The Stolen Earth


It’s Doctor Who season finale time again. In the old days, this was often the point where they had a massively ambitious script, but had run out of money to actually film it with. These days they’re curious beasts. Davies has now overseen four of them, and every time, he aims for an epic story with masses of emotion and action. To an extent, he always gets there; and yet, every time we get here, it’s fallen short of what came before. It’s like Davies has run out of whichever secret sauce was joining his nutty finale-thoughts when he made ‘The Parting of the Ways’. Or, every time, he tries to increase his ‘epic’ quotient, and the heart of the story struggles to pull it all together.

‘The Stolen Earth’ is particularly upsetting, as it’s clearly meant to be epic, and in many ways, it is — and yet unlike ‘Bad Wolf’, or ‘The Sound of Drums’, it doesn’t really tell many interesting stories in its own right. In fact, it feels uncomfortably like an episode full of exposition. The scale of everything is huge, but nothing’s happening. Let us take for example Rose Tyler. As I’ve mentioned, she was suitably awesome in her return last episode, all mysterious and commanding. This week, she watches TV and whinges that she doesn’t have a webcam, before trying to call her ex. Thrilling stuff.1 Perhaps she’ll get to do more next week?2

Ah well, she must be sidelined because everyone else is doing stuff. Sarah Jane? Hm. Listening to the radio and going for a drive doesn’t really count. Captain Jack? Lounging around the Torchwood Hub. Martha? Well, she travels from New York to Germany, so she’s no slouch I guess. Excitingly, we’re told that she’s dead by Jack for absolutely no reason, after which her condition is upgraded to “alive”.

Ah ha. It must be the Doctor and Donna who are doing everything. It’s so obvious. Having carelessly lost the Earth, they then visit the Shadow Proclamation, who in a peculiar twist, turn out to be not very shadowy at all. In fact, they look disturbingly like the sort of futuristic, brightly coloured, elite humanoid society that Classic Who used to trot out all the time, most often in the form of Gallifrey. Let us judge not by appearances though — for between them, the Doctor, Donna and Mrs Shadow work out that planets are being stolen! And where are they being taken? Follow the bees, says the Doctor, in a rather disappointing and bizarre resolution to the whole bee mystery thing. They do, and the Doctor finds himself at the Medusa Cascade, which is closed, so he gives up.

It feels wrong even writing that, frankly. Yes, our Doctor, the one we had all that faith in last year and turned into Jesus, gives up because he comes up against a locked door too big for the Sonic Screwdriver. Oddly, it’s played like it’s a dramatic moment, even though presumably no one in the audience has any idea why this particular cosmic door is providing more of a challenge than all of the other ones the Doctor gets through all the time. Luckily, all his friends call him on his mobile and suddenly he can get in. It feels wrong writing that, too.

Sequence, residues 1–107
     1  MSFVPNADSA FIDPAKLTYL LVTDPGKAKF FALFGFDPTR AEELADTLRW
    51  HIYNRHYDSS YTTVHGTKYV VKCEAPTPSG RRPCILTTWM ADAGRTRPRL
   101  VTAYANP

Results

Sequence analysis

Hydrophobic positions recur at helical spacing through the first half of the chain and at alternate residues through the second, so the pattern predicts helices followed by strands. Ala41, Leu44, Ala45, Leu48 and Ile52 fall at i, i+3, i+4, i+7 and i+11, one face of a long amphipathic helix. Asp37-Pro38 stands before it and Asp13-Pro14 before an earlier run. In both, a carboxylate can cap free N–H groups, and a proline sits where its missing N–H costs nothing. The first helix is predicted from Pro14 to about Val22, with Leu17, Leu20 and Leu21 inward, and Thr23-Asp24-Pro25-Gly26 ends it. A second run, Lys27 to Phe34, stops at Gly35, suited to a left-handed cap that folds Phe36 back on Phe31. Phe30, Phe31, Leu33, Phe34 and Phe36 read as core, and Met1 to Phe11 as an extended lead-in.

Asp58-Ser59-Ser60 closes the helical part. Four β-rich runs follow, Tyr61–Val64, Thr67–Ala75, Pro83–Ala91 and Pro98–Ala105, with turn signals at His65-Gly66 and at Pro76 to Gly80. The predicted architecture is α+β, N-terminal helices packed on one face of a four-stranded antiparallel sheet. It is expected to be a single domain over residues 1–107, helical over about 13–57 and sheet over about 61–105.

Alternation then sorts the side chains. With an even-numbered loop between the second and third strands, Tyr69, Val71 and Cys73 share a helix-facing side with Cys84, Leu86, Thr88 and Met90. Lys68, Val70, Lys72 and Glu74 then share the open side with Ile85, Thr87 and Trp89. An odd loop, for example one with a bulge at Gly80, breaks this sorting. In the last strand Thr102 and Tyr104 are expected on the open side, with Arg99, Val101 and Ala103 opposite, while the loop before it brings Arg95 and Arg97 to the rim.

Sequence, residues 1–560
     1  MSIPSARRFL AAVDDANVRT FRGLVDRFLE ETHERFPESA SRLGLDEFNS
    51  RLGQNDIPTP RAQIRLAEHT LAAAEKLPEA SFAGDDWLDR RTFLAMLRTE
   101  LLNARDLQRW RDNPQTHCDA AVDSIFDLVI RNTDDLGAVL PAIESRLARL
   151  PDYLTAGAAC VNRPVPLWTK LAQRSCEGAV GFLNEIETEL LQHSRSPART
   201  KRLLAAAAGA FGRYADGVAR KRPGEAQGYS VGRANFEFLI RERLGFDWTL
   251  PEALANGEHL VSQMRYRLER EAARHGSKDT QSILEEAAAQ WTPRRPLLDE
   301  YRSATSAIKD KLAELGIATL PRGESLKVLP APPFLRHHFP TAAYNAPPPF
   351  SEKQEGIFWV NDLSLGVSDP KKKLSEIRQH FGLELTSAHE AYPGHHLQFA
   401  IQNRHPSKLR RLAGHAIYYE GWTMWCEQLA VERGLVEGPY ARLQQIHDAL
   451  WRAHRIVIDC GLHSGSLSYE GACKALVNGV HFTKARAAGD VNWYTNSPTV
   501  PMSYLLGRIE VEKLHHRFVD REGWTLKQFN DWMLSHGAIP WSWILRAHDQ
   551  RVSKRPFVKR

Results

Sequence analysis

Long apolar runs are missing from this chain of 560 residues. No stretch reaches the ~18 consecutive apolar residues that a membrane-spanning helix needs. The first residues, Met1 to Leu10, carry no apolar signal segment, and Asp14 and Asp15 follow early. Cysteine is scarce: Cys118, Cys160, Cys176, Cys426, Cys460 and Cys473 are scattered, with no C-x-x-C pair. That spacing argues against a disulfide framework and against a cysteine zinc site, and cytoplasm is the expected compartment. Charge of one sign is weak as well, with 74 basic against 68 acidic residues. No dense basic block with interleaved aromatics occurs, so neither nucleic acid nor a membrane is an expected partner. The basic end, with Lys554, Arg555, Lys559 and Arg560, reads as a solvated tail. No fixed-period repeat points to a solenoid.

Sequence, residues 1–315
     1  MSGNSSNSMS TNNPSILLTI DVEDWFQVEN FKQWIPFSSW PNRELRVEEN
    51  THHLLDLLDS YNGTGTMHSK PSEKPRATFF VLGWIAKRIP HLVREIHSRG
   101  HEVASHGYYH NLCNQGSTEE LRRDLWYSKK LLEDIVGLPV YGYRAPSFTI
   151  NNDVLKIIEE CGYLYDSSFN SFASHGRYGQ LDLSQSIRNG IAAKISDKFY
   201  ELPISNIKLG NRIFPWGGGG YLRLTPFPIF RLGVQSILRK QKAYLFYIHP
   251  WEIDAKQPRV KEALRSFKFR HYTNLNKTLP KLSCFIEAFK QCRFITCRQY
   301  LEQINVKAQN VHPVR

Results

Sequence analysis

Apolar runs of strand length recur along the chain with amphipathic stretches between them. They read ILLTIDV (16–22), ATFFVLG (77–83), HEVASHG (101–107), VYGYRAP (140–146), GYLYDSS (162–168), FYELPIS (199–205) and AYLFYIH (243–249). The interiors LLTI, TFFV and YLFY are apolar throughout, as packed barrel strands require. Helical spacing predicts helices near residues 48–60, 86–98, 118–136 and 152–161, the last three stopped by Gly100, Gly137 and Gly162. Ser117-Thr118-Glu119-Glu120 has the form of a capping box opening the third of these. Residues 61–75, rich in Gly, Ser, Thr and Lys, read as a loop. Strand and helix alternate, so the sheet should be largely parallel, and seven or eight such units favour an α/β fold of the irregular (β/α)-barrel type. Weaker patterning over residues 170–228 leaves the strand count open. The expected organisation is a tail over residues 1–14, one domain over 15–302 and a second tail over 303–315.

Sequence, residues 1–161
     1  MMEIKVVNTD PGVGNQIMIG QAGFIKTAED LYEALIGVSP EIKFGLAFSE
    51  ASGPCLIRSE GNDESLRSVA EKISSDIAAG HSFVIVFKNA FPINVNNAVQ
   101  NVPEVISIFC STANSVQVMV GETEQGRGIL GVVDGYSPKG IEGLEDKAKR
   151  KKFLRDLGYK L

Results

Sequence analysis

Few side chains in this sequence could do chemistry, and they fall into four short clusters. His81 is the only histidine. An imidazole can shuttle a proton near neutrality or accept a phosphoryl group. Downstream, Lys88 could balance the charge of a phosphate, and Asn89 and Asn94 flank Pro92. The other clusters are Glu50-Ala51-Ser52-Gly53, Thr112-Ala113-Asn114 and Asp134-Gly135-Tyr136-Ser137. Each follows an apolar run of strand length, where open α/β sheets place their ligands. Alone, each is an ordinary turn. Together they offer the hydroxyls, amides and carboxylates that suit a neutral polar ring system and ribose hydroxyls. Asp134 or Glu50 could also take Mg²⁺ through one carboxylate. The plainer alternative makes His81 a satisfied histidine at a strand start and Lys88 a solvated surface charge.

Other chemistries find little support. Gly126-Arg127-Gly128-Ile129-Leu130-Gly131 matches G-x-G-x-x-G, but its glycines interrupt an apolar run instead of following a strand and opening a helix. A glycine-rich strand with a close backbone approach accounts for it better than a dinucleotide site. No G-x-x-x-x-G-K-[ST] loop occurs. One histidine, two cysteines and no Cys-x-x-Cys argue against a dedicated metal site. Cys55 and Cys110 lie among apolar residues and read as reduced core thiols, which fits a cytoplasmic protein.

There’s two moments in ‘The Stolen Earth’ which are genuinely awesome and involving, and feel like they could have been part of a much better episode. One is the Dalek fleet’s cries coming through the radio and scaring the bejeezus out of all and sundry. The other is the Doctor and Rose running towards each other, finally and beautifully reunited, but not quite. But even after both these awesome moments, nothing much happens. In a nutshell; the Doctor normally lands on the planet in question at the start of the story. In ‘The Stolen Earth’, he doesn’t get there until the end — but he’s missed no action whatsoever, because all anyone was doing in the meantime was trying to work out where the heck he was. When I look at it like that, it all seems very odd. I’m bemused even now.

What’s that? I forgot Harriet Jones? I’d feel bad if she hadn’t been a completely pointless addition to the episode.3

  1. There is of course almost nothing made of whether she had a plan, and how much she knew about “the darkness”, or indeed the whole ‘Bad Wolf’ thing. Disappointing for someone desperate to see Rose kicking arse after her general mopiness in ‘Doomsday’.
  2. A clue; no.
  3. I mean, why couldn’t Sarah have contacted everyone? Or if you do want the Prime Minister back, why not actually give Penelope Wilton something to do, rather than just playing at forum administrator? Amusing and intriguing theories about how she might have been working for the Daleks were going round the internet afterwards. Like so much speculation on ‘Journey’s End’, things just weren’t quite that interesting.

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